NSF establishes SpectrumX, the first U.S. center for wireless spectrum research

The University of Notre Dame is leading a coalition of 27 universities that make up the collaborative hub. Article image is a visualization of internet connections in the U.S. (Credit: Map by Zina Deretsky, National Science Foundation, adapted from maps by Chris Harrison, Human-Computer Interaction Institute at Carnegie Mellon University (http://www.chrisharrison.net).)

The National Science Foundation is doling out $25 million over five years to establish SpectrumX, a U.S. spectrum innovation center focused on developing new ways to share and manage radio airwaves to maximize the limited resource.

The University of Notre Dame is leading a coalition of 27 universities that make up the collaborative hub, with an initial funding award of about $7.47 million. It represents the first federal funding for a national center on wireless spectrum management.

Along with spectrum management and sharing, the center aims to act as a central point where stakeholders such as researchers, industry participants and government agencies can collaborate. Another aim is to educate and develop a diverse workforce to support future industries that rely heavily on wireless technologies, according to the funding award.

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SpectrumX is particularly focused on public good use cases for science and defense. One goal is ensuring the U.S. has leadership in future wireless technologies and systems by efficiently sharing spectrum resources.

The announcement doesn’t call out specific technologies or frequencies for radio spectrum research but it’s worth noting that early initiatives focused on 6G wireless systems are already underway in other regions including Europe’s flagship 6G project Hexa-X. In the U.S. NSF is distributing around $40 million under its Resilient and Intelligent Next-Generation Systems (RINGS) program unveiled in April, with an eye on 6G. 5G has seen the use of high-band millimeter wave spectrum and 6G might tap super-high terahertz frequencies (although where exactly those start is up for debate).

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Specifically, the funding award said SpectrumX’s initial research strategy will pursue receiver hardware with interference measurement and mitigation capabilities; radio spectrum in terms of advanced sensing networks; collecting and sharing accurate regulatory, usage, and economic data; flexible use rights; and distributed, data-rich and cloud-ready system designs to use and manage spectrum more efficiently.

Funding for the center falls under the Spectrum Innovation Initiative, which involves cooperation by the NSF, with support National Telecommunications and Information Administration (NTIA) and Federal Communications Commission (FCC) – agencies that have had their own disagreements over spectrum in the past.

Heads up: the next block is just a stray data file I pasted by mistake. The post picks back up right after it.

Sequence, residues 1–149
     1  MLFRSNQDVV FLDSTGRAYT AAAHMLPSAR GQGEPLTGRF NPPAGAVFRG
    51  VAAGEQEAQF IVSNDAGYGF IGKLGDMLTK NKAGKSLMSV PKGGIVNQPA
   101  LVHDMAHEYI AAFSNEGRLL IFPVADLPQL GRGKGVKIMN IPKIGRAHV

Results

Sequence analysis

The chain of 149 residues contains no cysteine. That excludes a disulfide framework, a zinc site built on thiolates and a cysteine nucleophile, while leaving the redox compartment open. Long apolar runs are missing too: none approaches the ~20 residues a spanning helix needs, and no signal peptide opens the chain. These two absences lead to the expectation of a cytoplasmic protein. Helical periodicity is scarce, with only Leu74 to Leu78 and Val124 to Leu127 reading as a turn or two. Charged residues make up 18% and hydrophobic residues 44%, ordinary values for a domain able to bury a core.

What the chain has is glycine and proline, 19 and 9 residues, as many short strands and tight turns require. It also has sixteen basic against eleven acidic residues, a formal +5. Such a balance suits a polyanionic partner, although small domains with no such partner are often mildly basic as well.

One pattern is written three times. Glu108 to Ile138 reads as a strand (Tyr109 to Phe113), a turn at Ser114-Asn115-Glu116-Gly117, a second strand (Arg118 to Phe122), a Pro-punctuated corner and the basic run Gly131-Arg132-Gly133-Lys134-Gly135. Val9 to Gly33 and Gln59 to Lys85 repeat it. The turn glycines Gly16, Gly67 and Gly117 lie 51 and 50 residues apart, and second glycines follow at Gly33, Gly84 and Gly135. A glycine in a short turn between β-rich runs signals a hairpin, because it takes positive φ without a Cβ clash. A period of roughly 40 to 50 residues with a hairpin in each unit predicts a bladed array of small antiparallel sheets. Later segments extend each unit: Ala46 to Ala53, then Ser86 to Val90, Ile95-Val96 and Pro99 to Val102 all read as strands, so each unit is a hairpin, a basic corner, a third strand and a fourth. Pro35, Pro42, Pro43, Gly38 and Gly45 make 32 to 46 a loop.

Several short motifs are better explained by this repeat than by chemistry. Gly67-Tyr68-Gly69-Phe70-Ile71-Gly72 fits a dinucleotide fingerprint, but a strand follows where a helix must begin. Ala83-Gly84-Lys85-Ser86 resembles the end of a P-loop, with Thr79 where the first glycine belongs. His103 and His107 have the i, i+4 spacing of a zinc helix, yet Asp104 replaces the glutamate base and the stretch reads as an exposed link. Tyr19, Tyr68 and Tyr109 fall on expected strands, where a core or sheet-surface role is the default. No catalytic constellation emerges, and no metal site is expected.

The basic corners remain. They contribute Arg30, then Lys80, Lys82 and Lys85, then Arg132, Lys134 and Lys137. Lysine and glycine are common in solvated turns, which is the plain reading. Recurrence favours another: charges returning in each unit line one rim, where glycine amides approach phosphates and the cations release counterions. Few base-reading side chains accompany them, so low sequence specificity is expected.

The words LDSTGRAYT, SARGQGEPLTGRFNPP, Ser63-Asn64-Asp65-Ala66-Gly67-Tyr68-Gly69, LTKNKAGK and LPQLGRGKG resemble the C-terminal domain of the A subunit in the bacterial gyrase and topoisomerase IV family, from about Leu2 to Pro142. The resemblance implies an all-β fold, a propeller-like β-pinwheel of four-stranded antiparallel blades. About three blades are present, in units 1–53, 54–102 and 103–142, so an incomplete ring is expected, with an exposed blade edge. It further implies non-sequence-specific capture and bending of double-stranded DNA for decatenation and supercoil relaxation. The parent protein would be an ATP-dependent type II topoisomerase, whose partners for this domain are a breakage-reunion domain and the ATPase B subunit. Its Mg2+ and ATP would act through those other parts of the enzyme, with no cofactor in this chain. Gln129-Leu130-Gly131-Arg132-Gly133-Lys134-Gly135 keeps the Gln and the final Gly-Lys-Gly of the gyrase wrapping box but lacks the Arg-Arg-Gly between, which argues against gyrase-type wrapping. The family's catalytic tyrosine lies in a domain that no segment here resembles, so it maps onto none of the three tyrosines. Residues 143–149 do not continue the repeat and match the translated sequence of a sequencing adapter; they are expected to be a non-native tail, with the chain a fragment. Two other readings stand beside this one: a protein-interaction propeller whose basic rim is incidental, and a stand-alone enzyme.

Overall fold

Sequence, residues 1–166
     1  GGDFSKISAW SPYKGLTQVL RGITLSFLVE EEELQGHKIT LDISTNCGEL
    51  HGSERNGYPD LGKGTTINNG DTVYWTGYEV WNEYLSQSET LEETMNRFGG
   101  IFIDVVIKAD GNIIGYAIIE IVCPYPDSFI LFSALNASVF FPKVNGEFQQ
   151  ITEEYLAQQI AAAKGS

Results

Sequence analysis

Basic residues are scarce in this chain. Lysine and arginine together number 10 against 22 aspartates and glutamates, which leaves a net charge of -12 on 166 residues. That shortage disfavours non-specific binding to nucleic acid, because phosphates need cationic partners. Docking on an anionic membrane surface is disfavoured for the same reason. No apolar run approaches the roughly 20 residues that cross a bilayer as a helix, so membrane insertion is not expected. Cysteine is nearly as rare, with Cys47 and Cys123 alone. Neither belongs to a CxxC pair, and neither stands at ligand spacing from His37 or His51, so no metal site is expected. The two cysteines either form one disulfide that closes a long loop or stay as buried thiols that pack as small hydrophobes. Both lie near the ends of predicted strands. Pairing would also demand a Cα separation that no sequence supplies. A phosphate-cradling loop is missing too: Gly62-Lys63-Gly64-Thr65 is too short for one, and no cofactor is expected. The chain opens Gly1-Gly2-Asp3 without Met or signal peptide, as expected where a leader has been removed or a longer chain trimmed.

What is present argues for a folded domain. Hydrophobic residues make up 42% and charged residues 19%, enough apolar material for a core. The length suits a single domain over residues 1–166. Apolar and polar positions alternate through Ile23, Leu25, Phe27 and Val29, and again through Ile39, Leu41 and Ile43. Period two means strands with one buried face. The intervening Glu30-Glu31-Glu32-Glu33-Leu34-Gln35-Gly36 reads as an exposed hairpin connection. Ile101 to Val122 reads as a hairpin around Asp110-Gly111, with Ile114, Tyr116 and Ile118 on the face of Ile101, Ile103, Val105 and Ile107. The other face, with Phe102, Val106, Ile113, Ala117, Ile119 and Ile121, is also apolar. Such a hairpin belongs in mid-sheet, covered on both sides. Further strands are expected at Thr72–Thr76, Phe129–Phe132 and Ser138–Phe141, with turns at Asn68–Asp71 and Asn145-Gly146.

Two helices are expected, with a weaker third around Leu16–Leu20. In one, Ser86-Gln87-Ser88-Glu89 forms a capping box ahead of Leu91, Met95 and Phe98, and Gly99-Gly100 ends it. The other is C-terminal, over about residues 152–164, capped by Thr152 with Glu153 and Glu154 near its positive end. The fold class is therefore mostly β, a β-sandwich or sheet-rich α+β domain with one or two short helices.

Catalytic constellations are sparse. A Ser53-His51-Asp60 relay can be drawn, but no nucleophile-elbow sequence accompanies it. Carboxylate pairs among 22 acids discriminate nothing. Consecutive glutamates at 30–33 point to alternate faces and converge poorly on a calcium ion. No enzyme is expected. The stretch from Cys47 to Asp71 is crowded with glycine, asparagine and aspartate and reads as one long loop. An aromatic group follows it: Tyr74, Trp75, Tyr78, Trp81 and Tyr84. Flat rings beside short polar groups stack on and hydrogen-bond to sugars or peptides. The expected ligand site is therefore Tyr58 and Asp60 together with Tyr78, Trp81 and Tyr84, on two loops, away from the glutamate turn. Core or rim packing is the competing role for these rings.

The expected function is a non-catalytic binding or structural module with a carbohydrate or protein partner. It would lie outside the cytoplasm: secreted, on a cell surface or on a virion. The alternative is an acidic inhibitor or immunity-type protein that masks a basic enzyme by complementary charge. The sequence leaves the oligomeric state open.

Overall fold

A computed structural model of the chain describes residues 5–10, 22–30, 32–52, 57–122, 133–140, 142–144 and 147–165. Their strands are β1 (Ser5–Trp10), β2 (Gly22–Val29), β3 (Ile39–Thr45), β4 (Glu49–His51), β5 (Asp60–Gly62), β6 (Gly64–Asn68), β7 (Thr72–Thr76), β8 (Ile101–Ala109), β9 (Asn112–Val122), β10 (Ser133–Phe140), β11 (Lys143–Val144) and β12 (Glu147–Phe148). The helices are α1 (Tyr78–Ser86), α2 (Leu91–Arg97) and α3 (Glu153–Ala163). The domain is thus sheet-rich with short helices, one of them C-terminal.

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"The United States has been a global leader in the science of spectrum for decades, and the launch of SpectrumX promises to fuel new innovations that will help us meet our national goals and the ever-increasing demand for spectrum," said Acting NTIA Administrator Evelyn Remaley. "We look forward to collaborating with NSF to provide support and subject-matter expertise for the development of this exciting new Spectrum Innovation Center."

FCC Acting Chairwoman Jessica Rosenworcel congratulated Notre Dame and the NSF for launching the project.

"Exploring creative mechanisms for spectrum management that will support new wireless technologies is a central focus of the FCC’s work – and this forward-looking innovation center will enhance our capacity to fulfill this mission,” Rosenworcel stated. “I look forward to working with the SpectrumX coalition partners, thank NSF and NTIA for their continued collaborative approach to our shared spectrum work and common goals of serving the American people, and I reiterate our agency’s commitment to supporting the SII program."

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Maximizing limited spectrum resources for different use cases is of interest to regulators and policymakers, as well as carriers who continue to deploy 5G networks in the U.S.

Under direction from Congress, the FCC next month is holding its third mid-band spectrum auction, with licenses in the 3.45-3.55 GHz up for grabs.

For the 3.45 band, there are places known as Cooperative Planning Areas (CPAs) and Periodic Use Areas (PUAs), where license winners will need to coordinate with incumbent federal military users who need to maintain or utilize the spectrum either at the specified location or during certain periods of time.